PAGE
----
Workers fear jolt at end of ride Merry-Go-Round's demise imperils employee severance

February 06, 1996|By Alec Matthew Klein | Alec Matthew Klein,SUN STAFF

On Nov. 9, 1994, Jeff Austin, a vice president at Merry-Go-Round Enterprises Inc., outlined the company's bonus and severance plans, telling employees, "it's nice to know there is a safety net and more important, MGRE cares," according to an internal memorandum obtained by The Sun.

Yesterday, three days after the Joppa-based chain of apparel stores announced it was going out of business, questions remained about the retailer's liquidation plans, raising fear among employees that they may no longer have that safety net.

"It's just that we worked so hard," an employee said, crying. "They lied to us. It's terrible. We just cared so much about it. It wasn't just a job. We were like family."

No specifics about the liquidation or severance package were available yesterday, but company spokesman Michael W. Kempner said, "There's a real effort and a real understanding of the fear within our employee base, and the company is doing everything it can to protect our employees now and into the future. However, while you're in Chapter 11 [bankruptcy], there are many constituencies that have an impact on how decisions are made, not just management."

Among those constituencies are creditors, who have first dibs on Merry-Go-Round's assets. And among those creditors is Fidelity Investments, the nation's largest mutual fund company, which reportedly faces a loss of nearly $100 million on its Merry-Go-Round investment.

What that means, bankruptcy experts say, is that employees -- including 6,000 store workers and 630 at headquarters -- are in a tenuous situation.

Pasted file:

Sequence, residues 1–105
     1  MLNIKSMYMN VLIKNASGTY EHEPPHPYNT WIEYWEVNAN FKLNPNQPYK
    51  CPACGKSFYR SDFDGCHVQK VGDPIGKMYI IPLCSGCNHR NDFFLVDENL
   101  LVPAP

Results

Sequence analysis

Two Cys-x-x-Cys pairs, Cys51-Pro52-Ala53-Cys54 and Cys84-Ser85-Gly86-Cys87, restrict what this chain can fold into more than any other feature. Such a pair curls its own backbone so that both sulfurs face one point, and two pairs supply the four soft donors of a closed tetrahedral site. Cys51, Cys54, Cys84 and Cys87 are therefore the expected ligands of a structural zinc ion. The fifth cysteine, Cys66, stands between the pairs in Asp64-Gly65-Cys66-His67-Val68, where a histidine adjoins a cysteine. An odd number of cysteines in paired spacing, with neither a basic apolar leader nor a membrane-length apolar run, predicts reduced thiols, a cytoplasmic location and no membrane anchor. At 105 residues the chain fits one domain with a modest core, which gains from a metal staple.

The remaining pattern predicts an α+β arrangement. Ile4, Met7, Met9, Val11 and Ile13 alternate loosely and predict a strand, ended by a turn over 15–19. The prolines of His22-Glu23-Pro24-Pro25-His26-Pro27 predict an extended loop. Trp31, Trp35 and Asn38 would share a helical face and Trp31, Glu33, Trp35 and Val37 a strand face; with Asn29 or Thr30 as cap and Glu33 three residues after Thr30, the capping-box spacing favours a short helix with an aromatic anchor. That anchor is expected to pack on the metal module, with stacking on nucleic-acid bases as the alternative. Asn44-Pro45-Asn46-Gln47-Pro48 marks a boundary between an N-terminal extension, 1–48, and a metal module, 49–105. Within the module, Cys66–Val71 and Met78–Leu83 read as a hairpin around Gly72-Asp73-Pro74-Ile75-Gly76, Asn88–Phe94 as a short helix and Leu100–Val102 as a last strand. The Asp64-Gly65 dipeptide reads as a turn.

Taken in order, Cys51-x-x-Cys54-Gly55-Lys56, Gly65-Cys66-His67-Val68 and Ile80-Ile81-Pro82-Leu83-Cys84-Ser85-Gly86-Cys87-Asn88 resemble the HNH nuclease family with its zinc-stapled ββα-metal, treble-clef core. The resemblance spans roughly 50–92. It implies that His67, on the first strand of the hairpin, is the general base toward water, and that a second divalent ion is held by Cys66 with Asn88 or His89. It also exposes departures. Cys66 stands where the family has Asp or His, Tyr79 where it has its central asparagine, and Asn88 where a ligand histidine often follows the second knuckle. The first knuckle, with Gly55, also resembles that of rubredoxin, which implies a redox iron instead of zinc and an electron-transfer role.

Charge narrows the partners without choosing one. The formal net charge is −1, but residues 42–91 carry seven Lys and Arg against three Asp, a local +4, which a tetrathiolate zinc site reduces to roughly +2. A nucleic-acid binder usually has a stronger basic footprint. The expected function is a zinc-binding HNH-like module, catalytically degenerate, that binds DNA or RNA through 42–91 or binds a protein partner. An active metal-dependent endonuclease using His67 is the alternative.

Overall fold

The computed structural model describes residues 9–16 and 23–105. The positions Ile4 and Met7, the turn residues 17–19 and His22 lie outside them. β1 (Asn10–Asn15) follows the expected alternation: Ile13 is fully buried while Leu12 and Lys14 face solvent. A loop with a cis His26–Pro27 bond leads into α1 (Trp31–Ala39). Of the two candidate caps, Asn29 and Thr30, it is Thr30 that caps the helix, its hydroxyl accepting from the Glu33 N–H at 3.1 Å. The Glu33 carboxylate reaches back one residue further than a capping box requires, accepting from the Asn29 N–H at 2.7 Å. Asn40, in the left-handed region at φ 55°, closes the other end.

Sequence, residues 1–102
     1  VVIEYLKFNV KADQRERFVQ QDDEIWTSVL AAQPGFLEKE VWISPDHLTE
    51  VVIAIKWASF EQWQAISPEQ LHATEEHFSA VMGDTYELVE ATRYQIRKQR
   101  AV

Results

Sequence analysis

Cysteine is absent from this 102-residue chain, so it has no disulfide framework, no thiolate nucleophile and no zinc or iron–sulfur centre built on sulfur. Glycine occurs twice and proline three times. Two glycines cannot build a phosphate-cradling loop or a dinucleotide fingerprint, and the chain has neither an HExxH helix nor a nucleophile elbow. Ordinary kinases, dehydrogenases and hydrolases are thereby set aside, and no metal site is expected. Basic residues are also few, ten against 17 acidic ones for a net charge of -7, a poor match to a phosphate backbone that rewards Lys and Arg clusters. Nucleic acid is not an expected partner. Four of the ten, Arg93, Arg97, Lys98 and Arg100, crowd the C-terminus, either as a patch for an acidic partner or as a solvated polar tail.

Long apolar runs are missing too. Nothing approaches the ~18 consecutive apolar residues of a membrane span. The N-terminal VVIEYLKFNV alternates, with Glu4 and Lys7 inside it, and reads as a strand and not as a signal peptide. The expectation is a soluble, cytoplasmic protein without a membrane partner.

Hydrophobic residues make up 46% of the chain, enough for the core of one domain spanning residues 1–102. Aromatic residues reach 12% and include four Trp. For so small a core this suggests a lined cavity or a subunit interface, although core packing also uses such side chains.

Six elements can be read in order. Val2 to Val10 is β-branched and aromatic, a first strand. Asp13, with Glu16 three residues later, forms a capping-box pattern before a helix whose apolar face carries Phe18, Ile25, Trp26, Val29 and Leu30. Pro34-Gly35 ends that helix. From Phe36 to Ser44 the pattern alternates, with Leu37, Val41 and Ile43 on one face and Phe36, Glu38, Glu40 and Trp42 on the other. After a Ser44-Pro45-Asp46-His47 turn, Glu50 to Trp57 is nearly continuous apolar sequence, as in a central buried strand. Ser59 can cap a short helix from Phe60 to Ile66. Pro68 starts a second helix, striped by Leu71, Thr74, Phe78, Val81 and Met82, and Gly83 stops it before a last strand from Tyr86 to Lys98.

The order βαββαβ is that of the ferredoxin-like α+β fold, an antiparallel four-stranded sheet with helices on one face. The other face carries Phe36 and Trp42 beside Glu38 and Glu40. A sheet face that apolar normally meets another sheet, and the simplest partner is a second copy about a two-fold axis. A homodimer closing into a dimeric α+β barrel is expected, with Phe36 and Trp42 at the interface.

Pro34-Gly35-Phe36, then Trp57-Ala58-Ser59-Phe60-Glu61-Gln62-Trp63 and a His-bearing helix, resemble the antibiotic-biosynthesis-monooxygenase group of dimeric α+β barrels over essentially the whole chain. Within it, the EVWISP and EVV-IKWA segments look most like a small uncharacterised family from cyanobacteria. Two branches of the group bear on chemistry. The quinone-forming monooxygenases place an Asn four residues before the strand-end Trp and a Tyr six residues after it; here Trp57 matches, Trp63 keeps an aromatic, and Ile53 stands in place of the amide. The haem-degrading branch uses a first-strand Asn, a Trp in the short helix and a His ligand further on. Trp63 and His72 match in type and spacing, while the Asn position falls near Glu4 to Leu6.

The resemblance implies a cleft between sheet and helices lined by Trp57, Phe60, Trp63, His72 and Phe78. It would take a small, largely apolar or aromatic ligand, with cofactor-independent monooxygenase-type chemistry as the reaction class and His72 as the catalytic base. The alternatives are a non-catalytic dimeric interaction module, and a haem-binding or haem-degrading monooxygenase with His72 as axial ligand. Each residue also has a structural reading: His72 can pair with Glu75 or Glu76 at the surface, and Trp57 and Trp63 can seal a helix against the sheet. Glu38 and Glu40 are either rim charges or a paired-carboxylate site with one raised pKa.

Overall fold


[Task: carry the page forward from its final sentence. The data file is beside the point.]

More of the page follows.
"What is in the best interest of creditors is not in the best interest of employees," said Peter Chapman, a minor Merry-Go-Round creditor and president of Bankruptcy Creditors' Service Inc. in Princeton, N.J.

In an internal memo Feb. 2 -- the day Merry-Go-Round announced its liquidation -- the company made no promises about employee benefits and severance, although it had already obtained court approval of an employee retention and severance program on Oct. 25, 1994, according to court documents.

In last week's memo, the company stated that "decisions including those regarding employee benefits and payments may require discussions with the company's lenders and other creditor representatives and may require approval by the bankruptcy court."

The memo, however, added that the company "wants" to make payments to employees under the "Worker Adjustment and Retraining Notification Act." The federal labor law, also known as WARN, requires companies with at least 100 employees to give 60 days notice before going out of business. If a company fails to give such notice, labor attorneys said, employees can file claims in U.S. Bankruptcy Court to force the company to pay them for those 60 days. Or, the company can voluntarily pay employees.

For now, employees can only wait. A hearing is scheduled Thursday at 2 p.m. before U.S. Bankruptcy Court Judge E. Stephen Derby. Although the hearing is aimed at a dispute over a Merry-Go-Round store lease, some employees said they planned to be there to express their concerns and send a message to the judge.

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